Healthcare professionals do so much to ensure that our bodies are healthy and we’re happy. Yet the organizations employing these professionals are often plagued with their own malware infections, cybersecurity gaps and ill-intentioned hackers. These kinds of issues can wreak havoc on the organizations themselves and even negatively impact patients.
To remedy these problems, we need more people willing to lead the charge for better cybersecurity in healthcare. This could take the form of a deeply involved board or a well-educated staff. But no matter what solution you adopt it needs to happen as soon as possible.
Below we will examine some of the biggest threats besieging the healthcare industry, and what members of your organization can do to stop cybercriminals.
Advice to Management
You hold a lot of sway as a leader within your organization. When you make a suggestion, people tend to listen. When you make an improvement to your operations, people take notice. If this describes you, then you are the perfect person to lead your organization to a healthy and happy place in regards to digital security.
As cyberattacks increasingly target healthcare providers, it will be up to you to bring these threats to the forefront of your organization’s collective consciousness. And one of the best ways to do this is through training sessions.
This doesn’t need to be anything in-depth, just a short 30-minute meeting once a quarter to review the most common methods of incursion and how to avoid opening up security gaps for hackers to slip through. Be sure to share some of your own experiences combatting online risks as this will make the problem more relatable to your coworkers.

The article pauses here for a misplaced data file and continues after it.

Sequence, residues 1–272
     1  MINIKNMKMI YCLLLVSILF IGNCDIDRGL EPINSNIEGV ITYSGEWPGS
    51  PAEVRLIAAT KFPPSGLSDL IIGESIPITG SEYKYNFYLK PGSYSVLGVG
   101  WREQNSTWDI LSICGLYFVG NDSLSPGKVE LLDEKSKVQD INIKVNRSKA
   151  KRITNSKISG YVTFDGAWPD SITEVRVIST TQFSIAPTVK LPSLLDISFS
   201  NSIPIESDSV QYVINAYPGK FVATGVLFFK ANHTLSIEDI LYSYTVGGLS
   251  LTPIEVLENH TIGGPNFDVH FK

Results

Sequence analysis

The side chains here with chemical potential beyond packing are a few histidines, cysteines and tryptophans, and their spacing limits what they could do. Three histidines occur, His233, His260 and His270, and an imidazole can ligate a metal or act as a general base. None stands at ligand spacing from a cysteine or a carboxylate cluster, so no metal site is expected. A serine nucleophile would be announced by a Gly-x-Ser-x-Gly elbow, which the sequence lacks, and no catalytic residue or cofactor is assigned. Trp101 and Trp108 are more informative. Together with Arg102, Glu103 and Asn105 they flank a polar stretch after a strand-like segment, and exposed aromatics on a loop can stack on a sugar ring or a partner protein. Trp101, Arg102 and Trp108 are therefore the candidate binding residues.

You can even take things to the next level by promoting your defense initiatives through public relations outreach, blogging or thought-leadership articles online. Not only will these measures be adopted within your organization, it will also stand as an example to other providers in your industry.
Advice to Staff
As an employee, you might not think it is your job to defend the digital assets of your company. That’s IT’s job after all, right? Wrong. As a matter of fact, the majority of data breaches are caused by employee negligence; meaning that if you aren’t part of the solution, you’re part of the problem.
Fortunately, being a leader in cybersecurity doesn’t take as much effort as you might imagine. You don’t need to go back to college to earn a degree in technology or coding; and you certainly don’t need to abandon your current duties to assist IT. All you really need to do is make a few behavioral changes.
For example, you can educate yourself by reading the latest cybersecurity news. If you notice that a number of healthcare organizations are being targeted by malware scammers or phishing emails, you can keep an extra close eye on your inbox for anything fishy. You can encourage your coworkers to do the same, so that when the next slew of phony emails hits your company, you’ll rest easy knowing that you have improved cyber defense awareness within your office.
Other tips include talking to your coworkers about using stronger passwords, avoiding unapproved applications or software, storing sensitive data only in encrypted storage and admitting when you make a mistake to IT.
In conclusion, it doesn’t matter who you are within your healthcare organization. You too can be a force for good. Visit CyberPolicy for more information on keeping up with cybersecurity in healthcare.